Does government have intention of fostering SW industry?2013-06-18Hit:4251
“Creative economy” is actively
being discussed by many people these days. I do not want to bring up the
subject of creative economy again and argue pros and cons of it here. However, what
is clear is that ‘innovation’ should be promoted to achieve creative economy.
Innovation becomes valuable when we come up with new ideas, embody the ideas, and get the outcomes of the ideas in a market. “Innovation is not controllable. The only thing we can do is simply to remove factors which hinder innovation”, the former director of Von Fraunhofer Laboratory in Germany said. It is easy to sympathize with this view. However, we now seem to be going in the opposite direction.
There were few mobile applications which had gained huge popularity not long ago. They can predict bus arrival time and compare the price between gas stations. They also check newsletters from school. All of these applications were created by students in high school and university.
However, public institutions and public companies plagiarized the students’ ideas and launched the same applications. It’s a waste of budget as well as a behavior that kills students’ creativeness and ambition.
There are many other examples of unfair practice. The most notable case is that the government developed software (S/W), which a company had already launched in market and exported overseas, and distributed the software to the public for free. It is a behavior that infringes copyright and hampers corporate activities.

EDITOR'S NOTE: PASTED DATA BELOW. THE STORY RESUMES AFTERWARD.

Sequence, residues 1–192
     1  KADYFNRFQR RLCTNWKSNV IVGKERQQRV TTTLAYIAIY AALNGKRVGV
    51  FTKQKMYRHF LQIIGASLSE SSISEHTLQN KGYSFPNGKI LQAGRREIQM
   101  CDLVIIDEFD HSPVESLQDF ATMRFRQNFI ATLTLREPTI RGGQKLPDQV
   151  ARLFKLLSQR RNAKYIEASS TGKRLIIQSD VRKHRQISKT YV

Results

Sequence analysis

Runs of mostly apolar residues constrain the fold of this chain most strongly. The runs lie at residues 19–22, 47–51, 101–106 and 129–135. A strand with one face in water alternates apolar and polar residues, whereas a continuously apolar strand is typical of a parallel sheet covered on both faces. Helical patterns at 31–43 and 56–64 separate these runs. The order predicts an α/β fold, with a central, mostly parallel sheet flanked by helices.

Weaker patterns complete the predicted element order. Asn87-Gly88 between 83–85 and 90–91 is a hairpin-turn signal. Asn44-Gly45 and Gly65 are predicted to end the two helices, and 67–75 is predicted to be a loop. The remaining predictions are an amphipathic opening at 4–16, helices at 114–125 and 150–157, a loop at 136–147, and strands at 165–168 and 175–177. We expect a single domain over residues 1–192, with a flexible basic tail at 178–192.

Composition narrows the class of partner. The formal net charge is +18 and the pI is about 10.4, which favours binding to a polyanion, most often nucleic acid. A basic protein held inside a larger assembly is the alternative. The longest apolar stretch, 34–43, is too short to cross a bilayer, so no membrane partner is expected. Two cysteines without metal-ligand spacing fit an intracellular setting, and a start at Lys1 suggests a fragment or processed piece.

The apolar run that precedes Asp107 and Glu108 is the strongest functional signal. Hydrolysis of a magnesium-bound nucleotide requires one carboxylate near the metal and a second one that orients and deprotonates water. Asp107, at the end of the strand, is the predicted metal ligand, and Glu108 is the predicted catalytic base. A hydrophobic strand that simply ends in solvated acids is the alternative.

When the government fosters hardware (e.g., electronics and automobile) industries, it sometimes prevents domestic products from being attacked by highly competitive and cheap products of foreign companies. Actually, there are many policies that help domestic products be appreciated well.
On the contrary, the government keeps taking the opposite stance for software industry. For example, On-Nara System (i.e., a governmental system) has developed software that was on sale in the market at that time and distributed the software to the public for free, which has in turn made a serious damage to the company that originally developed the software. The government is also making attempts at the Integrated Control System for disaster management as well as ERP system for national universities.
It is important for government to have the will to cut down budgets. However, we need to analyze thoroughly which one is ultimately the best interest of the country when considering industry promotion and budget reduction at national level. Still, the debate on this issue remains inconclusive.
Some advanced countries with a
strong SW industry have actually put tremendous efforts into fostering SW
industries. It looks like a desirable example that we should learn.
It is no exaggeration to say that SW industry has first begun from U.S. Defense Department which used to purchase and use software that private companies had developed at that time. It may be asked whether the present status of SW industry can be achieved if IBM didn’t ask MS to pay the price for a unit DOS.
We are not living in a monarch-governed country. The country is operated by taxes of the people. If the government breaks the individuals’ will to start their own business and destroys creative companies, there’s no way for the country to survive. As long as the country is operated by taxes that the people paid, there’s nothing that the government can possess. Except for the information that requires tight control for the national security, the majority of information should be open to the public.
The government should encourage people to pursue innovation. It should start with opening information that the government possesses to the public and removing obstacles that may break the people’s creativeness and hinder innovation.
SW is the core of creative economy, and innovation is the most important factor. The government should lead the movement to protect copyrights and creative ideas in order to promote SW industries.
Eun Kim, Director of Software Management Lab, Professor at the Graduate School of Business and Information Media